Don't have the foggiest about foggy windscreens?

Posted by: Cal on 28/06/2013

Category: General

Have you ever found yourself driving down the road with your head down at the dashboard level, trying to peek through a tiny sliver of clear windscreen that you've just made with your sleeve?

It's one of the age-old problems associated with an early morning car ride in winter - a foggy windscreen.

Unless you've got an amazing demister capable of sorting out some clear vision for yourself in a few seconds flat, you may find that some mornings you have to wait a few minutes before heading off - even if you're in a hurry.

So what's going on with windscreen fog and what can you do to get rid of it quickly?

Let's start at the beginning!

What causes all that fog?

No surprises when it comes to what windscreen fog is - just like normal fog, it's made up of tiny water vapour droplets.

So what are they doing colonising your windscreen on cool mornings (and evenings)?

The basic version is that the air trapped in your car overnight will be warmer and more humid than the dry, cool air outside on a cool morning.

When the warm air comes into contact with your windscreen - itself cooled by the air outside - it cools, and because of the way temperatures, pressures and water interact, loses some of its moisture.

This moisture precipitates as fog on the glass of your windscreen - the annoying fog of lateness!

You're making it worse!

Guess what happens when you get in the car? You make things even worse!

That's right - unless you're a vampire, your body temperature will warm the air inside your car even more when you hop inside.

And don't even get us started about what an effect all that breathing you'll be doing is going to have on your poor old windscreen.

A plan of action

So what can you do when you need to get going quickly but are faced with a situation that you haven't the foggiest how to resolve?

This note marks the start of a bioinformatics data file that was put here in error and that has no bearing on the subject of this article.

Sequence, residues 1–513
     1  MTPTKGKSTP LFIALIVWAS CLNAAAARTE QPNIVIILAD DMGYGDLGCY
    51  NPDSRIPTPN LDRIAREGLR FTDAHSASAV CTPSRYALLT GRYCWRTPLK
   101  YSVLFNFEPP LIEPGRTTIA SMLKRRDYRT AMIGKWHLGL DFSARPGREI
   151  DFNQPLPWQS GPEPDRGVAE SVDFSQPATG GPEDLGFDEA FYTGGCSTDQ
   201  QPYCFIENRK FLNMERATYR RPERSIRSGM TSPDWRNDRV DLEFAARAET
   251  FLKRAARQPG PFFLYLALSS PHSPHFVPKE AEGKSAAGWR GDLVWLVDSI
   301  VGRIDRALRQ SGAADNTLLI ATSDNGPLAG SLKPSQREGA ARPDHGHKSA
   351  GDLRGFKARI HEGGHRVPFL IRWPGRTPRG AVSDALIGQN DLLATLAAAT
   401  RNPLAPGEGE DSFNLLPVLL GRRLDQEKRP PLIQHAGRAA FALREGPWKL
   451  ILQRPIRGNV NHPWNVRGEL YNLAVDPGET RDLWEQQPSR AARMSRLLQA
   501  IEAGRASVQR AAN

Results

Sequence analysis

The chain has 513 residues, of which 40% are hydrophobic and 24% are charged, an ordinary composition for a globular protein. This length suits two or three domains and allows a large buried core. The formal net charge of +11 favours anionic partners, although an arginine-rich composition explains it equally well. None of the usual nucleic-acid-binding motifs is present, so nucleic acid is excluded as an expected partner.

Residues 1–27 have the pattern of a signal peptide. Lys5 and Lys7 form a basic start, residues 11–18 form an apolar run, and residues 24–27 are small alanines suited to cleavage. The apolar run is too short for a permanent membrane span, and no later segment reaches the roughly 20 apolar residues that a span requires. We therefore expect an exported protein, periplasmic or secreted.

One strategy is to bundle up in warm clothes and to wind down all the windows, lowering the temperature in your car and the humidity level.

This can be effective, but may be a little bit too 'back to nature' for those of us that enjoy the warmth of the car over the coolness of a winter's morning.

Instead, why not switch on the air conditioning? It's not as crazy a suggestion as it may at first seem.

You may not realise it, but one of the things that air conditioning does to cool your car on a hot day is remove the moisture in the air.

Aha - it will be perfect, but what about the coolness, you say? Well that's easily enough solved: simply turn the temperature dial to warm instead of cold.

This should set about drying the air in your car, and if you aim some vents at the windscreen it will get to work making that annoying fog nothing but a distant memory.

Disclaimer

We can't guarantee results in every situation, simply because there are so many variables at work!

You'll need to experiment with your car and your temperature dial in order to get the best - and quickest - method to defog your windscreen down to a fine art.

Another handy tip is to clean your windscreen on the inside and the outside regularly. When dirty, windscreens can fog up more often, because the water vapour molecules latch onto the dust and grime.

You'll be safer out on the roads with a clean windscreen too - make a point of giving it a good clean next time you're at the service station, right before you check the air in your car tyres!

Remember, if you can’t see clearly, then it’s not safe (or legal) to drive!

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